Data centers are notorious power hogs, and responsible for two percent of the total greenhouse gas emissions produced today. The latest figures suggest that the power they use is coming under control, but there is more to be done. Using alternative energy sources could help data center operators run emissions-free facilities, creating a more sustainable industry overall.
Such energy alternatives are already available today. Apple is running its own solar farms, while Google and Microsoft have both proposed using a rechargeable battery in each server as a distributed uninterruptible power supply (UPS) So, then why aren’t data center operators using them, choosing, instead, to still rely on decades-old, inefficient diesel generators to power their facilities?
Solving old problems
The problem is that the current data center classifications that most of these facilities have to abide by are very outdated. The current standards don’t take into account the past two decades of energy innovation, let alone reward facilities for sustainability advantages. And, as such, data center operators have to abandon otherwise cost- and energy-saving power overhauls to avoid paying penalties for noncompliance.
The entire data center industry is long overdue for a discussion on how existing classification standards can support out-of-the-box designs that would help it evolve. This is especially necessary as data centers continue to power an increasingly digital world and global economy. Guidelines need to be set for new classifications that can be applied alongside current standards to recognize more energy efficient power types, without penalties.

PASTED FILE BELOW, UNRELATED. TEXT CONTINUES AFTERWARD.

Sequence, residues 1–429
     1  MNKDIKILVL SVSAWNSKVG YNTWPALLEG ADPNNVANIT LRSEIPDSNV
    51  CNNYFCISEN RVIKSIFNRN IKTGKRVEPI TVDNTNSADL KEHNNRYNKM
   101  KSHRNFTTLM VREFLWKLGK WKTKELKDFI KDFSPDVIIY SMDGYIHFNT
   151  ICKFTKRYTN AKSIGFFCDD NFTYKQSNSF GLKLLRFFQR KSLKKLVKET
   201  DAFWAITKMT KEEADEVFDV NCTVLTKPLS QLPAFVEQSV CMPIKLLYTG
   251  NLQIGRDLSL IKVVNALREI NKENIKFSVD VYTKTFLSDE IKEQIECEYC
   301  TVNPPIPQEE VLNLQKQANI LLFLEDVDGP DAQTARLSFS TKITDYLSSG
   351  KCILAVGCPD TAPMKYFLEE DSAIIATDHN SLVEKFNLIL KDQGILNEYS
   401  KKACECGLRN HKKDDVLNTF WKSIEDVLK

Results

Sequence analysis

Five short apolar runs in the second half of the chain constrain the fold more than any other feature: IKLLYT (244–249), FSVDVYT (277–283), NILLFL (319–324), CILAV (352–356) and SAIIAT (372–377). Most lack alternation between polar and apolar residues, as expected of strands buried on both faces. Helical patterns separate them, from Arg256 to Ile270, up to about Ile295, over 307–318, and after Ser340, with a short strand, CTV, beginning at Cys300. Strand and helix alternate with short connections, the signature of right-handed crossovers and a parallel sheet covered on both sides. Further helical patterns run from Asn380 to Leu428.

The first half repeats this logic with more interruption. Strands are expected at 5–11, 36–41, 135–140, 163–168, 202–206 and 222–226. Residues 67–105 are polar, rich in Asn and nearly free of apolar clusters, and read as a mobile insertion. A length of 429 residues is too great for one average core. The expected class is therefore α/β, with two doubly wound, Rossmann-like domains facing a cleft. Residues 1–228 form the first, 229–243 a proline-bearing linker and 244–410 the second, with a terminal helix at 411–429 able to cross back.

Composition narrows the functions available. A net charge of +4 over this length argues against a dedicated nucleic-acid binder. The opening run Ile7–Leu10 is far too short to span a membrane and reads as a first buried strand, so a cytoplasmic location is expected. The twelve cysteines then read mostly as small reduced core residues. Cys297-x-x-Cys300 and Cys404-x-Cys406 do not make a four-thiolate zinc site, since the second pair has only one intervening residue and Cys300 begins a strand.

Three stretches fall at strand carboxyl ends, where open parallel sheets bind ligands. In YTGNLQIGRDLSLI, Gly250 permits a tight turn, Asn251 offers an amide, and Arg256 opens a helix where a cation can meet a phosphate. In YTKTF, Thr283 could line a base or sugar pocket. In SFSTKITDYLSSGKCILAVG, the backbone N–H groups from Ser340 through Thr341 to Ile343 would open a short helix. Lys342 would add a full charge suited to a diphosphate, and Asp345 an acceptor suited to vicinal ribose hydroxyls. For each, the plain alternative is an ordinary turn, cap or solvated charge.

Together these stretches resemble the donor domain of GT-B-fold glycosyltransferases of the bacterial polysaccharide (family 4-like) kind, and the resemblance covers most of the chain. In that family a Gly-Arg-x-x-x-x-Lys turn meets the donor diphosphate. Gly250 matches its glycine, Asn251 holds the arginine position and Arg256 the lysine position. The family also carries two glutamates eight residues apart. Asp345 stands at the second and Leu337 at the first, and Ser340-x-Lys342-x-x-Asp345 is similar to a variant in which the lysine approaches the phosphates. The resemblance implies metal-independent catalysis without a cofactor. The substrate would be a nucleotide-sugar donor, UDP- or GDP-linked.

Existing standards only speak to legacy functionality
The current data center standards, such as the Uptime Tier classifications, and the EN50600 scheme, promote fixed-availability classes and prescribed redundancy measures. These may have made sense a couple of decades ago when there weren’t any reasonable energy alternatives. But, that’s no longer the case, and, as such, the existing standards don’t even begin to recognize the demands on today’s modern data center.
Each of the standards are built on four progressive classes for redundant diesel generators and UPSs. Ranked for performance and uptime, each class incorporates the requirements of the previous class:
- Basic non redundant: capacity requirements for a dedicated data center site
- Basic redundant: capacity components that increase data center availability
- Concurrent maintainable: increased level of redundancy, which enables the data center subsystems to continue operating while parts of the power and cooling equipment are being replaced or maintained
- Fault-tolerant: data center with fully redundant subsystems
These four criteria only really speak to legacy functionality though. And, when considering that the average U.S. data center is 20+ years old, that’s a span of time that has seen energy innovation explode across industries. In fact, many organizations are planning to close their private facilities for more advanced colocation centers. However, these new facilities are like putting a round peg into a square hole; they simply don’t fit in with the existing classifications.